Χριστός ἀνέστη, Христос воскрес, and Happy Easter to those who celebrated yesterday!

Today, in honor of Easter in the Greek Orthodox religion, we will honor a certain Greek diva you may have heard of for our first ever #MariaCrushMonday, instead of our usual #SingerCrushSunday.  Maria Callas was a fearless diva who broke the mold of what an artist could and should be.  Her legacy as an artist, singer, and woman will forever leave a significant mark on the opera world.   Her life was quite dramatic on stage as well as off, and both her professional and personal lives had “lead roles” in the public eye.  She was nothing less than iconic, and Leonard Bernstein even said she was “the bible of opera.” Due to her celebrity status during her lifetime, she faced plenty of criticisms, and the media would report with their own negative opinions on her weight, her love life, her performances, rumors of temper tantrums backstage, etc.  She was often a target, but she was a strong woman, and handled all of it as gracefully as humanly possible.  Who do we remember today?  Callas, not her critics.


#MariaCrushMonday aims to leave you with a notable quote from La Divina herself, and of course, a timeless operatic interpretation. This week we will be featuring “Vissi d’arte” which literally translates to “I lived for art” from Puccini’s Tosca, a role that is historically associated with Callas’ interpretation, and a character that is often described as courageous.

“You are born an artist or you are not. And you stay an artist, dear, even if your voice is less of a fireworks. The artist is always there.” ~Maria Callas


Triple Play: For the love of it

Performing is a personal choice. Think about it. Anyone can call themselves an opera singer, or any type of singer they want when singing in the shower, but until you actually get up on stage and perform that is where the real choice begins. I could extend that by saying to pursue opera as a career is also a personal choice. In a young singer’s career there are many opportunities to boast but it is only when we hit the high notes, get through a long passage in one breath, or have that amazing coaching session that we proudly scream, “I AM AN OPERA SINGER!”. Even so, screaming that is a very personal choice. There are paid opera singers and there are non-paid opera singers, there are amateur singers and there are professional singers, there are young artists and there are resident artists, there are those that pay to sing internationally at programs and those that sing at regional theaters. It makes no difference, we all do the same amount of work that goes into performing in an opera.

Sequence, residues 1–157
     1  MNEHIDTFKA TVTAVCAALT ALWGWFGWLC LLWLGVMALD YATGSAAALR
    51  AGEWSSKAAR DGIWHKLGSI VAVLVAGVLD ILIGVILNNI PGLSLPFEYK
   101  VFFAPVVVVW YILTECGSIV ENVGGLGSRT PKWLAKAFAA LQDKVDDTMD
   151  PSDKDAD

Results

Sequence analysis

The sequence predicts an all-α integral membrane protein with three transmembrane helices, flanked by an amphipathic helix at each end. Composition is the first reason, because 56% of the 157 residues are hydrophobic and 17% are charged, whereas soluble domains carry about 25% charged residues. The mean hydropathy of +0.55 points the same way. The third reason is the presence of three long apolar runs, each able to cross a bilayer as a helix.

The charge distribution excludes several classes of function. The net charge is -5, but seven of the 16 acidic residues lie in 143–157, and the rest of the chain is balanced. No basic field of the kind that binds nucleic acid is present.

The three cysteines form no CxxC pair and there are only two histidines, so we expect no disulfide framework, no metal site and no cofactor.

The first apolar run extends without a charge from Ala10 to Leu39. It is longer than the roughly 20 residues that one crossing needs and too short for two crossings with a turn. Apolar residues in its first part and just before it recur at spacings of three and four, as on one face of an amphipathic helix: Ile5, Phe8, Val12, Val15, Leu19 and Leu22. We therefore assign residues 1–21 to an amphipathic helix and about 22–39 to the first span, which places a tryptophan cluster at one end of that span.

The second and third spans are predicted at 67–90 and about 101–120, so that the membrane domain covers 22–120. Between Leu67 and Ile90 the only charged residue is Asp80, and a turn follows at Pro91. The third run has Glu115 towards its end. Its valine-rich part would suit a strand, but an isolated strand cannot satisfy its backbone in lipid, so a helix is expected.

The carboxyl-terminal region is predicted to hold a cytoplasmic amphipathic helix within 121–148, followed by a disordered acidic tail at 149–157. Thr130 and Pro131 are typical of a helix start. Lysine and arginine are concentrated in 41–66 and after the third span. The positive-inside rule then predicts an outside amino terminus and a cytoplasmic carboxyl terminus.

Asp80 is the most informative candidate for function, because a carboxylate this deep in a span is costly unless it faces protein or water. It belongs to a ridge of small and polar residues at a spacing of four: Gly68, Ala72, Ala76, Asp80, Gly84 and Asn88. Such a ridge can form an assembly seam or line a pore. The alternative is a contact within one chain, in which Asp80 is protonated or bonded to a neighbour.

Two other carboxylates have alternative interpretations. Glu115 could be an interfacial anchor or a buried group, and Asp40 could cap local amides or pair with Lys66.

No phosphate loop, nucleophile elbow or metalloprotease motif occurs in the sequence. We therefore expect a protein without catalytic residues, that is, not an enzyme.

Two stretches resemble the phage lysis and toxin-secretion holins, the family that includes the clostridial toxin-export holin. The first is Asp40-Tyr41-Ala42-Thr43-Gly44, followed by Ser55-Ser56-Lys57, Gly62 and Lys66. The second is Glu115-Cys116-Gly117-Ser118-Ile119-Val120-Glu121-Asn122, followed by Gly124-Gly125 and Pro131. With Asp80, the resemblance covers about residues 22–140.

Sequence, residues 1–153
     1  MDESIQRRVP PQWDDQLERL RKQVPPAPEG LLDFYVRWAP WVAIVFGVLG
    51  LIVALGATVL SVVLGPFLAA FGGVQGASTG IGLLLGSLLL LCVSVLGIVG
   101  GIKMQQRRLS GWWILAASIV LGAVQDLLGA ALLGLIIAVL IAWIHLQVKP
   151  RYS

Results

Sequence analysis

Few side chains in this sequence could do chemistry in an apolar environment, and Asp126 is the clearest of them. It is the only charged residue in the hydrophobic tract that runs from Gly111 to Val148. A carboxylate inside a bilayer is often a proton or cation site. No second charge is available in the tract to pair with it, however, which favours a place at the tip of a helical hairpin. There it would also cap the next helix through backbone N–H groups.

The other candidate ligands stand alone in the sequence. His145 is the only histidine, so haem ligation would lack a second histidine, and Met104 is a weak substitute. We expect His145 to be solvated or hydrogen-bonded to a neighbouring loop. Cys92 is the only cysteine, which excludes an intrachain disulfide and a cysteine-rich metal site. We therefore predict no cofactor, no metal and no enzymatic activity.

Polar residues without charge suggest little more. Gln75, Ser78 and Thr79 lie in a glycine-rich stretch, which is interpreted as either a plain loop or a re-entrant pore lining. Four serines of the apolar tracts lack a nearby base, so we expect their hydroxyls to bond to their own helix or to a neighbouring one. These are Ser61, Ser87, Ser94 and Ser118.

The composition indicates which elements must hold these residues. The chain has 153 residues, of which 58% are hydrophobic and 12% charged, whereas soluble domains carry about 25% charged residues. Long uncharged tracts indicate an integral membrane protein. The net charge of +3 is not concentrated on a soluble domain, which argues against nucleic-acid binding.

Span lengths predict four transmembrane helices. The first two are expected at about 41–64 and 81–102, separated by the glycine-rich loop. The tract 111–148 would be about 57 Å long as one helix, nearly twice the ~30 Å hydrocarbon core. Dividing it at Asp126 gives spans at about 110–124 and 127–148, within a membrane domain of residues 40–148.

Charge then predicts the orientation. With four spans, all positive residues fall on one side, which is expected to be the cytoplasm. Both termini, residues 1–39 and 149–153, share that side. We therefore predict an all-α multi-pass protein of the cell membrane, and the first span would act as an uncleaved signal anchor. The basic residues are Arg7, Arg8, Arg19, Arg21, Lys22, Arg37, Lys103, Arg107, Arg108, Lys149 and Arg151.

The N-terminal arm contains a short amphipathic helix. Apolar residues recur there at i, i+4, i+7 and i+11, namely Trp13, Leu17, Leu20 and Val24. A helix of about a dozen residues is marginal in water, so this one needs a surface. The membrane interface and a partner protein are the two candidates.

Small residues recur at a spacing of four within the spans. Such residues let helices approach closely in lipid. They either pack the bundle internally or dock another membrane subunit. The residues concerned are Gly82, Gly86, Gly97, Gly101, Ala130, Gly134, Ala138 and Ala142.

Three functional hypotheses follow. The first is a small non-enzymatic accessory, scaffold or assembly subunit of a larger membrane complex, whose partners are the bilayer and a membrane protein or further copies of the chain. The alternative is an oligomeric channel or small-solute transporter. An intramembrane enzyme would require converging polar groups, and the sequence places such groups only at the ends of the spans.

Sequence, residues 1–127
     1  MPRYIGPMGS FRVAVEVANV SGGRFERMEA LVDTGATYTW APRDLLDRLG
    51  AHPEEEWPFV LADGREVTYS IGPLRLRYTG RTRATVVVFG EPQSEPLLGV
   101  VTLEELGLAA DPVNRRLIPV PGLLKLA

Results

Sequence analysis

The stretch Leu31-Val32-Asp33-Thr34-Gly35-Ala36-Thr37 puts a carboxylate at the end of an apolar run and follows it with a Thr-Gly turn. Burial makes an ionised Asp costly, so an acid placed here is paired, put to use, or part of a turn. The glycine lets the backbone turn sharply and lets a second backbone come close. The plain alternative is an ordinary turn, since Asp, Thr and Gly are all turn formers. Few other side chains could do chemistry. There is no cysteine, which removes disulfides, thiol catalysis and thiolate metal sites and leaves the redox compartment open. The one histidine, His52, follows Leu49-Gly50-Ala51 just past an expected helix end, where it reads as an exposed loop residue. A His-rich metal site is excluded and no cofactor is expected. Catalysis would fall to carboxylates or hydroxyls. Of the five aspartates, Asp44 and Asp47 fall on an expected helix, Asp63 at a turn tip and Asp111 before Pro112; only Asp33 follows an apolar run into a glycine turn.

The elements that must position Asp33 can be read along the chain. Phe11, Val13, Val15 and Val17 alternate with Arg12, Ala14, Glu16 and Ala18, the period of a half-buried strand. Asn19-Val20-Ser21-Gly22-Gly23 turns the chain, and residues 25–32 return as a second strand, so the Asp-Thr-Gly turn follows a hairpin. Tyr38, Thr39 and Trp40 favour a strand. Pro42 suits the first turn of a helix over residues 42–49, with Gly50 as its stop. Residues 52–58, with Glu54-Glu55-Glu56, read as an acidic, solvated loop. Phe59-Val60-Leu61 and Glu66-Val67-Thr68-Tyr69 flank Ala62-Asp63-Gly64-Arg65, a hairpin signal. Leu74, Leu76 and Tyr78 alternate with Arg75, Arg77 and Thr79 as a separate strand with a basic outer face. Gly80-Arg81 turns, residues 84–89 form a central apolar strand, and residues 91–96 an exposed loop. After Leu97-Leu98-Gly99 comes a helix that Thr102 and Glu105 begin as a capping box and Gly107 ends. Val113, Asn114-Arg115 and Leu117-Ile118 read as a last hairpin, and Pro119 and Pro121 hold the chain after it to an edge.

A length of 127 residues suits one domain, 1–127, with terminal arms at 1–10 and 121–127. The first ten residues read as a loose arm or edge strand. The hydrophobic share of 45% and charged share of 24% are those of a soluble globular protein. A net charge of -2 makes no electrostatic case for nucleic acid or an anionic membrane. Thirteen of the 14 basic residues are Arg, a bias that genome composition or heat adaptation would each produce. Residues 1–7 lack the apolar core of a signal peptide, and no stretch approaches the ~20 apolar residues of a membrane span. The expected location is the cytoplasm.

So how does a classically trained singer establish oneself as a successful opera singer? It’s simple. By being patient with our voice to grow, for our artistry to develop, and for providing ourselves opportunities to perform every chance we can. This means constantly being heard by voice teachers, coaches, managers, directors, etc. who will tell us when they think that we are ready, but we have to ultimately decide when we feel ready. This at first means choosing which auditions to go on and at what cost. It is a running joke among opera singers that if we had a dollar every time we heard, “You have an upcoming audition? You should audition for THE VOICE,” we’d not only be rich, but it would be great performance exposure for us as singers to showcase the end-part of what we do. (more…)